I've said this before but this is what happens when national writers pop in to write about teams. It's hard to get a full picture when you are just stopping by and poking around. There's some value to what amounts to an outside opinion, but you should use what you know to inform what is being said. In this case the views in this column are just too negative. The Nats off-season is a little disappointing from their view. They thought they could make a FA splash without spending the big FA bucks. They were wrong. But they were pretty much able to accomplish every hard and fast goal they needed to. Now if it's more than a little disappointing to the fans, that's up to the fans. 

Monday, January 25, 2016

Monday Quickie - Lesspedes

Nats didn't get Cespedes. He signed a deal with the new hotness - an opt out. For Yoenis it was after a year. You might think the money would have swayed him - the Nats had to have been offering more for 5 than the Mets gave for 3, but as some noted, given the back-loaded and deferred money the Nats put in there the "real" value of the contracts were probably very close. Add in the opt-out and the Mets deal just might top it. (Plus I do think he wanted to stay in NY - he had a very good experience there)

What does this do? It makes the Nats worse than they could have been, yes, but not all that much worse. Cespedes, unless he's year long a player like he was to end 2015, is not a difference maker by himself. He's a great piece. Revere is an ok one. The Nats should be fine.

Really though it makes the Mets better and probably keeps them ahead of the Nats in terms of favorites for the East. Losing Cespedes would have hurt. Losing Cespedes to the Nats would have put them behind the eight ball. They avoided that scenario. It doesn't mean anything for sure but it's preferable to the alternative that was staring them in the face. 

Are the Nats not a desirable location? I think they are fine. Outside of the draw of Madden it's still about money and the Nats are offering fair deals, not great ones. That's smart business but more often than not someone will offer a deal that's great for the player and bad for the team so the Nats lose out. You think they would have learned from Werth and Scherzer, both of who they overpaid, but I guess not. 

Still time for stuff to happen. 

Quick enough for you? 

Friday, January 22, 2016

Snow day Cespedes thoughts

Quick bursts of thoughts on Cespedes

My biggest concern would be the league getting used to him. I feel like that might explain why he did great in 2012 and 2015 with the Mets but only good in between. The AL figured out how to pitch to him. If that's the case then sometime next year the NL will too and the Nats will be left with a decent hitting OF (with a power focus), on a team full of decent hitters. That's not a bad thing, but Clint Robinson is a decent hitting OF. You aren't paying Cespedes 20 million a year or so just because he has an arm.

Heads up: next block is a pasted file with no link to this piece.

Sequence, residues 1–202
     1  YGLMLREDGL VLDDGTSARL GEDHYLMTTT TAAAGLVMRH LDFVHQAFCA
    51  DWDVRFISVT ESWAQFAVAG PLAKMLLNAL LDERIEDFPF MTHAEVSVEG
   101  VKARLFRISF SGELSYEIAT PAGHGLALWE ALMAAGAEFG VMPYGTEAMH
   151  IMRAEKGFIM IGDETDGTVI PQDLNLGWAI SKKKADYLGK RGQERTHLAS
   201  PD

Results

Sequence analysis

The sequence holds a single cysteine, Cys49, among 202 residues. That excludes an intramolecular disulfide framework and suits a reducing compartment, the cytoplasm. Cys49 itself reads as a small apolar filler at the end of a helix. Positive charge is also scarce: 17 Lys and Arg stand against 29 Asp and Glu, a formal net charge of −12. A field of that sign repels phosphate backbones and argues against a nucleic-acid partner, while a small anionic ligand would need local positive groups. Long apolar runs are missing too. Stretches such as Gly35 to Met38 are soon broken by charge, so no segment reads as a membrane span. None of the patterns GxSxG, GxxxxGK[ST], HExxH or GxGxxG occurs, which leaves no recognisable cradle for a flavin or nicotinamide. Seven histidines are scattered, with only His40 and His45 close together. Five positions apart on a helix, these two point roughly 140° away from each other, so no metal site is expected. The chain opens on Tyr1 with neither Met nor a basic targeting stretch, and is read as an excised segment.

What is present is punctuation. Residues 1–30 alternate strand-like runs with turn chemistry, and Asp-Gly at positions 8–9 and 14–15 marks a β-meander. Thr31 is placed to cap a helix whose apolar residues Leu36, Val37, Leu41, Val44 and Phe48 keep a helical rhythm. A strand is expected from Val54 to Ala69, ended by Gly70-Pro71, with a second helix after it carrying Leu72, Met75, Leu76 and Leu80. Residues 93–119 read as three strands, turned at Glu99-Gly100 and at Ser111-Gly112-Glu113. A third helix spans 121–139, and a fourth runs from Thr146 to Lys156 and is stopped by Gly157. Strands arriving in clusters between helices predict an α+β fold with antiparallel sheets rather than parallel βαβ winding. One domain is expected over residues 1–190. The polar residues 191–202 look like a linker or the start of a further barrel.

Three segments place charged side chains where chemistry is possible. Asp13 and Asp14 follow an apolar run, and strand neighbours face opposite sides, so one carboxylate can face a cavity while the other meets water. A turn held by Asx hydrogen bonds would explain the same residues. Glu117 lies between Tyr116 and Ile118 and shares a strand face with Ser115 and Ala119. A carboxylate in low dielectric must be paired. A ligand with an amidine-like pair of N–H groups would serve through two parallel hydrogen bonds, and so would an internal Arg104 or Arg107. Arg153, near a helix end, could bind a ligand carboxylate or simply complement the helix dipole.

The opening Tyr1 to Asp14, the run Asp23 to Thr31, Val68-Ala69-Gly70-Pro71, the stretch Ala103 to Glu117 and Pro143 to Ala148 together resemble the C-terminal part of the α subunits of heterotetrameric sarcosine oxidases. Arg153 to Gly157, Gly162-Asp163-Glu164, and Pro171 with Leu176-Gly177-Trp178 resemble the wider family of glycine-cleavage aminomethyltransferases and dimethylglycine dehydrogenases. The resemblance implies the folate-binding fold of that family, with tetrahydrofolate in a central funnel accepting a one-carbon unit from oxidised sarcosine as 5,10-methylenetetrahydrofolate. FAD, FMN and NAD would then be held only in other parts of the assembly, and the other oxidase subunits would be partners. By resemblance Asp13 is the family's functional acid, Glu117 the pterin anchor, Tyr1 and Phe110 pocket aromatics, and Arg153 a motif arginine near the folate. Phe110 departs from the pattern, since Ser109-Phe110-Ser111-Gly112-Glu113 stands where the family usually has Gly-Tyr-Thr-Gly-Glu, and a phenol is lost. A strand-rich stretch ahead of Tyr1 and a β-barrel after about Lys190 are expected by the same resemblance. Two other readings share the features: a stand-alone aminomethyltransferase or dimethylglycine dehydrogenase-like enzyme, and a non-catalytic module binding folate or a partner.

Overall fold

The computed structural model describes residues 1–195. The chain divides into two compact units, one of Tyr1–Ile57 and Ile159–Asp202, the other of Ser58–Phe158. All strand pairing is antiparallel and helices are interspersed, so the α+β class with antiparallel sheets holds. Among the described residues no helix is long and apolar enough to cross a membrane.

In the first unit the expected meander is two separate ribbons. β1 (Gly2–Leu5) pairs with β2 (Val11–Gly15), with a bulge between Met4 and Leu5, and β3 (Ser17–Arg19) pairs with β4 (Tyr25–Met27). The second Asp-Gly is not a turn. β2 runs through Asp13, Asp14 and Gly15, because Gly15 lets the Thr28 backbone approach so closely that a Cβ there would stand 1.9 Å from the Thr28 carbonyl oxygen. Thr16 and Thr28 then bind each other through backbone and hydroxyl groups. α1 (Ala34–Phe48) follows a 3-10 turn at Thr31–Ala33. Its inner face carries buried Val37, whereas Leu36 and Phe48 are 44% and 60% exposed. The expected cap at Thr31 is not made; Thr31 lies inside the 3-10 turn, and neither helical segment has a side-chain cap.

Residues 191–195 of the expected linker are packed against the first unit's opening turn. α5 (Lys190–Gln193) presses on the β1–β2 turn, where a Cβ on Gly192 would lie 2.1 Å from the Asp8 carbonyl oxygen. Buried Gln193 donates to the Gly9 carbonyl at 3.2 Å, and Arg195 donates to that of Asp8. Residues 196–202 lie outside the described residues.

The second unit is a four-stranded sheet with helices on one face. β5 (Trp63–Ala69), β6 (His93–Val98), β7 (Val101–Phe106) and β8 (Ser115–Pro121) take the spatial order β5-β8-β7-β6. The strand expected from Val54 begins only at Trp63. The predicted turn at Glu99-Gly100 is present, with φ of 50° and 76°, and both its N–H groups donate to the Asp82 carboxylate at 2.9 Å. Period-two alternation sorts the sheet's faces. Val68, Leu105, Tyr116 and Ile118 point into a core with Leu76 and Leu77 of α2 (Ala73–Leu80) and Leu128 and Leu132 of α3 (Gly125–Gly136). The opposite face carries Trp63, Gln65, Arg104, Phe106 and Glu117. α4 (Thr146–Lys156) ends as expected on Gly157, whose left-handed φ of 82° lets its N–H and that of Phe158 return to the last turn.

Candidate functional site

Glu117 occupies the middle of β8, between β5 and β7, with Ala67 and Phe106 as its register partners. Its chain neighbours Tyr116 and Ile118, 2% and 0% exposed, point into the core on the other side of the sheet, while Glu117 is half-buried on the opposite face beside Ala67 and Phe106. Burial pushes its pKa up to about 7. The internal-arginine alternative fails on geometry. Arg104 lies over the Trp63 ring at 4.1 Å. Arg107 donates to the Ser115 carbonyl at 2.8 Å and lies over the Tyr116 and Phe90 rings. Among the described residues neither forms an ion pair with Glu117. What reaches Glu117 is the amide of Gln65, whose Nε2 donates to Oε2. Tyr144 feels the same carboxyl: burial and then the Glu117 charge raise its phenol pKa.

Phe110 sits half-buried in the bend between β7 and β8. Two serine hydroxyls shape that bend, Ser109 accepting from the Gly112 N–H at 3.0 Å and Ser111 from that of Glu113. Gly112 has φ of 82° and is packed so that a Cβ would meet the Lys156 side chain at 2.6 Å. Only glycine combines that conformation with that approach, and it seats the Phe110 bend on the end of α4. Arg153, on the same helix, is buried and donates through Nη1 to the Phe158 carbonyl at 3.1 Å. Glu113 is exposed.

Of course Bryce plays CF in this case, right? I mean Cespedes is proven to have his issue. You aren't sitting Werth (not for Revere to play CF) so Bryce, more of an unknown gets it. I'm not as high on Bryce in center as some are but it's better than the other options.

Does someone get traded? MAT is the obvious choice because (1) he's the worst so Nats won't play him, and (2) he's the "prospect" so other teams will want him but I'm not sure I see that. Revere is only on a one-year deal, Werth is a perennial injury risk, and MATs defense is something the Nats need. If I were Rizzo I would want MAT around if only because he'll be a cheap 4th OF for a while. Werth of course is untradeable. 40 million for a DH who may or may not play and if he does play may or may not hit? No thank you. Revere? That's probably the best bet.

Biggest thing that's being undersold with Murphy and Revere (and maybe Cespedes)? Health. They should play which means you can more rely on their projections than Werth/Zimm/Rendon. This was important in losing Desmond - a very reliable guy playing time wise.

How does he effect the clubhouse? Well I'll guess he's probably not great in the clubhouse - he has  been traded 3 times in 2 seasons and has surprisingly low FA interest. But it's the same in almost any situation. If the Nats win, which is more likely with him, they'll be fine with him (and fans will like him) if they don't win, that's when we see problems.

I don't mind 5 years covering the 30-34 seasons. That should be ok. The cost? Well we don't know 100 million would be too rich for me objectively. Subjectively of course - spend all your money.

We are mostly missing the second part of this as Donald noted - as a defensive move this matters too. Next year the competition for the NL East crown should be only the Mets, with an outside chance of the Marlins. If it's Nats or Mets then where Cespedes ends up counts double so to speak. Of course that should really only be figured as a set + for the team getting him in 2016 to be reviewed after every season.